Napster has inked an agreement with the Army and Air Force Exchange Service that gives all branches of the United States military access to the digital-music service.

Napster has inked an agreement with the Army and Air Force Exchange Service that gives all branches of the United States military access to the digital-music service.

Through CentricMall.com, a password-protected Web site, more than 11.5 million active, reserve and retired military personnel and their families can receive specially discounted rates to Napster's subscription service and the Napster Light download store.

The deal comes two days after Roxio, Napster's parent company, announced it would sell the software component of its business to focus on Napster, which Roxio acquired in 2002. As part of the move, Roxio will change its name to Napster.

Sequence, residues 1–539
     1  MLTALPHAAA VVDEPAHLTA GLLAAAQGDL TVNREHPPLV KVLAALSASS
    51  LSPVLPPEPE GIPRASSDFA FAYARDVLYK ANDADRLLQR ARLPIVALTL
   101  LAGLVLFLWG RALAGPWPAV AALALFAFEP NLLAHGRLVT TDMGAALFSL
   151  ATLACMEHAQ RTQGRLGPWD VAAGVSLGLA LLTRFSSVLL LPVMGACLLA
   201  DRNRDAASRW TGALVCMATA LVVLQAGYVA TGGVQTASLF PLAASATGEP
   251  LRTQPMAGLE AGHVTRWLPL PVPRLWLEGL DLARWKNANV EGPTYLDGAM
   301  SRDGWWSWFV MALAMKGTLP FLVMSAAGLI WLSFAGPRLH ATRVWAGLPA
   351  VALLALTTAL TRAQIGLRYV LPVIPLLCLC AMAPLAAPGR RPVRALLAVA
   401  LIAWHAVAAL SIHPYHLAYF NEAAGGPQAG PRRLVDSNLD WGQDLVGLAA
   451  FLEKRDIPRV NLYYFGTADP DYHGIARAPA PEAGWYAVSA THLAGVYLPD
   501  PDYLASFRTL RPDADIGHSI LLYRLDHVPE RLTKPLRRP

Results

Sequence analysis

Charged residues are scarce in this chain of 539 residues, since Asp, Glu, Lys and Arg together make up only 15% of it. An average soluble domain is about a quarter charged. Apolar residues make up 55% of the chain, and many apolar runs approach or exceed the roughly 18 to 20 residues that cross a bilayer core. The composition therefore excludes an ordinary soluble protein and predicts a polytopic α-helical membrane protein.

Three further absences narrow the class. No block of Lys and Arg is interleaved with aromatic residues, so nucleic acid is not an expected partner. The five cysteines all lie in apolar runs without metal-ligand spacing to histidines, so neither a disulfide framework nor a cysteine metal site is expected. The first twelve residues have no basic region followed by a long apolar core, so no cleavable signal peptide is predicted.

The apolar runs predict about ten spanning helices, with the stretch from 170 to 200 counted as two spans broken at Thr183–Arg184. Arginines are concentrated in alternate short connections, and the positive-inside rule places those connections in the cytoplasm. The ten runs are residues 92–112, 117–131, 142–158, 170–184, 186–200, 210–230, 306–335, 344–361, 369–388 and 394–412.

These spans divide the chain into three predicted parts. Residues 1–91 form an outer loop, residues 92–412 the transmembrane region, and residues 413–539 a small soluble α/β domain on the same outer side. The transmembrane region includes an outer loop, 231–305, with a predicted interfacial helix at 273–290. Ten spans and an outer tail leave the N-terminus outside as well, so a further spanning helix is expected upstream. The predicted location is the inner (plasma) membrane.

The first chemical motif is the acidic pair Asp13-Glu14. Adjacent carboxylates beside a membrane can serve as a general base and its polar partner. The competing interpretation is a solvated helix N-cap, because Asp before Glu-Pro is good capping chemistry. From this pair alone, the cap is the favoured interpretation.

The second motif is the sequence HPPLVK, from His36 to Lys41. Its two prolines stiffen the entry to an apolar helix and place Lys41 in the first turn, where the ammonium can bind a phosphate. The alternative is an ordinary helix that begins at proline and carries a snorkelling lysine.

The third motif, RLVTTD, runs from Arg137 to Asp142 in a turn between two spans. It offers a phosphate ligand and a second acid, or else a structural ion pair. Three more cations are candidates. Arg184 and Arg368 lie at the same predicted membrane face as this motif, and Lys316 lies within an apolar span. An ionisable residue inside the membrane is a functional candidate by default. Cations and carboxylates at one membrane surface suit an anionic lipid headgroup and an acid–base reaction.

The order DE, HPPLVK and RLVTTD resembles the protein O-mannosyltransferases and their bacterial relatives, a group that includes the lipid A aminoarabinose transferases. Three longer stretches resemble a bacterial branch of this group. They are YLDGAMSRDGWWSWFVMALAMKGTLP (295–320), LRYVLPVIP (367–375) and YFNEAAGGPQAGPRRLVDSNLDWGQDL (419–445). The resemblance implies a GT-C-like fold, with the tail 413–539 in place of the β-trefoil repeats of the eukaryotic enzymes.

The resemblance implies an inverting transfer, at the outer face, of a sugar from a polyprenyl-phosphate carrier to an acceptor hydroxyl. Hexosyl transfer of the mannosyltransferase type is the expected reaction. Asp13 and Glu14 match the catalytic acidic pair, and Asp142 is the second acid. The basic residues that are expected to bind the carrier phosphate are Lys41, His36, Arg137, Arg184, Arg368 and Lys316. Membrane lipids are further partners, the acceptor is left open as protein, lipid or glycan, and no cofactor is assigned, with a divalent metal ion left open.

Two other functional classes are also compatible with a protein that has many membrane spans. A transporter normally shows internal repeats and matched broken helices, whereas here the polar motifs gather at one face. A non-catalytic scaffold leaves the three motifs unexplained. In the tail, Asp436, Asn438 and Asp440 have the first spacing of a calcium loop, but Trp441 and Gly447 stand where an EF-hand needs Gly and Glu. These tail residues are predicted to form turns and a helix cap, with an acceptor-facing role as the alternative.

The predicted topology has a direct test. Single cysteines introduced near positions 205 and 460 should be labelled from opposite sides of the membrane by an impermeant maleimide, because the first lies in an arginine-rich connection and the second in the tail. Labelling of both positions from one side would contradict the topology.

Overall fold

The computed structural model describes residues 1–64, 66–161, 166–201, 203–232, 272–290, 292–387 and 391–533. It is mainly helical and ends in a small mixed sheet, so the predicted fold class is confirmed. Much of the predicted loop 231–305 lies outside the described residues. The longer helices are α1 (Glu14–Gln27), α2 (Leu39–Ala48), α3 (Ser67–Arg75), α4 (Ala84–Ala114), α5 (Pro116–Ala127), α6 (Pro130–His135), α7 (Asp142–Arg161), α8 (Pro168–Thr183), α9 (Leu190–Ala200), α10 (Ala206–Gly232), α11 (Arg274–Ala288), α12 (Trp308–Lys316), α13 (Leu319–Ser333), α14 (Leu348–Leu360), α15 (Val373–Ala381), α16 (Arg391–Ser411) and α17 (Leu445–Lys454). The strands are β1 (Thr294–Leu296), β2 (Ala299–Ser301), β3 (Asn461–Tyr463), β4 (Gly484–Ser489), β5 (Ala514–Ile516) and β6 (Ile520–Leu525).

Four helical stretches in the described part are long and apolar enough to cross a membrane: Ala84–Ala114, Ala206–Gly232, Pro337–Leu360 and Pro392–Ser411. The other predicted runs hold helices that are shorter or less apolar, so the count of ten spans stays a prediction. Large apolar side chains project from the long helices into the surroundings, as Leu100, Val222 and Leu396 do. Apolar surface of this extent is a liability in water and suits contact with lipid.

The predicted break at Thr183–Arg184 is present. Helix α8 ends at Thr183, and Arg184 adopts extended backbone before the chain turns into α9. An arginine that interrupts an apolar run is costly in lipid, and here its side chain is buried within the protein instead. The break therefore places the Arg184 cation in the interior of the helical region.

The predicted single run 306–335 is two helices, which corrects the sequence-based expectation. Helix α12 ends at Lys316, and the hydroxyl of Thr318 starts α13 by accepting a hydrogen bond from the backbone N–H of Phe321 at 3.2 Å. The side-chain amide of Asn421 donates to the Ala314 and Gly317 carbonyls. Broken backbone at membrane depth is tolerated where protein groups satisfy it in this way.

Josh Bernoff, analyst with Forrester Research, says that the company's new focus as a "pure play" puts them behind the eight ball in the competitive digital-music market, which already includes diversified companies like Apple Computer, Sony, Wal-Mart, RealNetworks and, soon, Microsoft, the Virgin Group and Viacom (MTV).

"Napster needs to break away from the pack," says Bernoff. "It has to prove it's in a position to do better than the rest, and it's not going to be based on its catalog, ease of use or portable music devices. They have to do it by signing up people in huge swaths with agreements like [this U.S. military deal]."

The CentricMall.com service will also accept the Military Star Card credit card to facilitate customer transactions.

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